Coen argues we should reverse the district court because, among other things, (1) the bankruptcy court lacked jurisdiction to bar his suit against Stutz, and (2) the Barton doctrine does not apply to his suit against Stutz. We address and reject each argument in turn.


Coen first asserts the bankruptcy court lacked jurisdiction to bar his suit against Stutz because there was no nexus between his claims against Stutz and the bankruptcy estate. Each district court may provide the bankruptcy court in that district with subject matter jurisdiction over civil proceedings that are “related to” a Chapter 11 bankruptcy proceeding. 28 U.S.C. § 157(a). In order for the bankruptcy court to exercise this jurisdiction over a dispute, however, some nexus between the civil proceeding and the title 11 case must exist. Munford v. Munford, Inc. (In re Munford, Inc.), 97 F.3d 449, 453 (11th Cir. 1996) . A sufficient nexus exists if “the outcome of the proceeding could conceivably have an effect on the estate being administered in bankruptcy.” Miller v. Kemira, Inc. (In re Lemco Gypsum, Inc.), 910 F.2d 784, 788 (11th Cir.1990) (quoting Pacor, Inc. v. Higgins, 743 F.2d 984, 994 (3rd Cir. 1984) ). The suit need not be against the debtor or against the debtor’s property. Id. Rather we have held a suit could conceivably affect the bankrupt estate “if the outcome could alter the debtor’s rights, liabilities, options, or freedom of action (either positively or negatively)” or if it could “in any way impact[] the handling and administration of the bankrupt estate.” Id. This “related to” jurisdiction is “extremely broad.” Cont’l Nat’l Bank v. Sanchez (In re Toledo), 170 F.3d 1340, 1345 (11th Cir. 1999) .

A sufficient nexus exists between Coen’s suit against Stutz and the bankruptcy estate. The suit targets Stutz, a fiduciary of the bankruptcy estate who remains general counsel of both CDC Corporation and the CDC Liquidation Trust. The suit complains of acts Stutz allegedly took while a member of the board of CDC Software, and Stutz’s role in that position was to facilitate the administration of CDC Corporation’s bankruptcy. Finally, CDC Corporation holds a Director and Officer insurance policy that could conceivably be triggered if Coen’s suit against Stutz were successful. This would lead to a diminishment of the policy reserve which would in turn alter CDC Corporation’s rights and liabilities. As such, Coen’s suit against Stutz falls within the bankruptcy court’s extremely broad “related to” jurisdiction.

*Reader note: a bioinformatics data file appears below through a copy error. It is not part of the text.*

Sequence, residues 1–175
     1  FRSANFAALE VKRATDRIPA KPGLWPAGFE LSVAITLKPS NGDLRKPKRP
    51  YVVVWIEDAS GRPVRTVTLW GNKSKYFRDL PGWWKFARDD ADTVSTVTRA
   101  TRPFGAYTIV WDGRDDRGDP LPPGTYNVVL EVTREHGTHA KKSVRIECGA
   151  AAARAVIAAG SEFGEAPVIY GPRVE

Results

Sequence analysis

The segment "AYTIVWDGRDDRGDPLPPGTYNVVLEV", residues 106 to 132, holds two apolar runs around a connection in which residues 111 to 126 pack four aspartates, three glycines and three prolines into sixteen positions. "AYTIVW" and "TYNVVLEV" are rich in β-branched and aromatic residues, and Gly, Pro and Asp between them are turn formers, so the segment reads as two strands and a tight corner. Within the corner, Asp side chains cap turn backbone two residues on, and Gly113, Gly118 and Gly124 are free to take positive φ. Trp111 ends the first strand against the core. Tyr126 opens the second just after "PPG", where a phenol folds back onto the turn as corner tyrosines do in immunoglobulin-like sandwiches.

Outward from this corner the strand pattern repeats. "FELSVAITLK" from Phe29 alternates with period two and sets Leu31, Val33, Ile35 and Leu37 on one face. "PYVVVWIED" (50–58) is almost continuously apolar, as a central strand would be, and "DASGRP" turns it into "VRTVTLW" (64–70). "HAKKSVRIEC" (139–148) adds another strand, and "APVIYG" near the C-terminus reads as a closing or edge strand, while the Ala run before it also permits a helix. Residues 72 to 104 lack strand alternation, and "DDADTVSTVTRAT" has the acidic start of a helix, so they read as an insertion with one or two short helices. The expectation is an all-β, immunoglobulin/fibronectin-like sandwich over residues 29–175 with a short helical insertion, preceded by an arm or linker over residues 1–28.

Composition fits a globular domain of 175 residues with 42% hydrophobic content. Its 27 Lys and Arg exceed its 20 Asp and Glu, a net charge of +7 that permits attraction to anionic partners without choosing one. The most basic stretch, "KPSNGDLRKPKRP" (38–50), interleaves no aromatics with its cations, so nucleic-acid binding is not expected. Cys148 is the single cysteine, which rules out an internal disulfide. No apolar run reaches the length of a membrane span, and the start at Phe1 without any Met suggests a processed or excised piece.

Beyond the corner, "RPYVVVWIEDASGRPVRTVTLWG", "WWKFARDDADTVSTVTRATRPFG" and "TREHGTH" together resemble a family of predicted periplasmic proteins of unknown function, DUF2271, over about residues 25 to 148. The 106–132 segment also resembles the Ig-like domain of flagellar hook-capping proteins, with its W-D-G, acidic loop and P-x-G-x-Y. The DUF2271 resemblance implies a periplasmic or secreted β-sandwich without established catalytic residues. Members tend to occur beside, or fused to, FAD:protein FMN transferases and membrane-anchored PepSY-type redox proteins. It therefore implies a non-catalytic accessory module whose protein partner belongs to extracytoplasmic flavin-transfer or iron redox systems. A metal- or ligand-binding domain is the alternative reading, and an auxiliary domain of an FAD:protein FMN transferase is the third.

Coen also asserts that the Barton doctrine does not apply to his suit against Stutz because Stutz was not a court-approved officer and because his suit was not related to the bankruptcy estate. Even assuming Coen did not previously concede the applicability of the Barton doctrine, the doctrine applies here.

Under the Barton doctrine, a plaintiff “must obtain leave of the bankruptcy court before initiating an action in district court when that action is against” a bankruptcy-court-approved officer. Carter v. Rodgers, 220 F.3d 1249, 1252 & n.4, 1253 (11th Cir. 2000) ; In re Linton, 136 F.3d 544, 546 (7th Cir. 1998) . We have included attorneys and investigators hired by a trustee as among those actors who cannot be sued without the plaintiff first obtaining this leave. Lawrence v. Goldberg, 573 F.3d 1265, 1269-70 (11th Cir. 2009) . Moreover, we have explained that Barton applies whenever the plaintiff’s suit is “related to” the bankruptcy proceeding using the “conceivable effect” test discussed above in Section III.A. Id. at 1270-71 (citing Lemco, 910 F.2d at 788 ).

On the other hand, a statutory exception to the Barton doctrine exists for suits based on acts committed “in carrying on business connected with” the bankruptcy estate. 28 U.S.C.A. § 959(a). We have explained, however, that this limited exception “is intended to `permit actions redressing torts committed in furtherance of the debtor’s business, such as the common situation of a negligence claim in a slip and fall case where a bankruptcy trustee, for example, conducted a retail store.'” Carter, 220 F.3d at 1254 (quoting Lebovits v. Scheffel (In re Lehal Realty Assocs.), 101 F.3d 272 (2d Cir. 1996) ). Section 959(a) does not apply to suits based on actions taken to further the administering or liquidating the bankruptcy estate. Id.

Coen’s suit against Stutz falls comfortably within the bounds of Barton. Coen’s argument that Stutz was not a court-approved officer because the bankruptcy court approved his executive service agreement rather than him personally is unavailing. The court approved the documents that confirmed Stutz as general counsel for CDC Corporation and CDC Liquidation Trust. In this position, Stutz is at least as connected to the estate as attorneys or investigators hired by a trustee, whom we have deemed covered by the doctrine. Lawrence, 573 F.3d at 1269-70 . Moreover, Coen’s suit is “related to” the bankruptcy proceeding for the reasons set forth in Section III.A. Additionally, Coen’s suit does not fall within the § 959(a) exception to Barton because Stutz’s actions at CDC Software were in furtherance of the administration of CDC Corporation’s bankruptcy estate, rather than in furtherance of CDC Software’s day-to-day operations.

Accordingly, Coen needed permission from the bankruptcy court before bringing his suit against Stutz in district court. Because he did not obtain this permission, his suit against Stutz cannot proceed, and we need not address his remaining arguments as to the applicability of the Release.


[*] Honorable Bobby R. Baldock, United States Circuit Judge for the Tenth Circuit, sitting by designation.

[1] Barton v. Barbour, 104 U.S. 126 (1881) .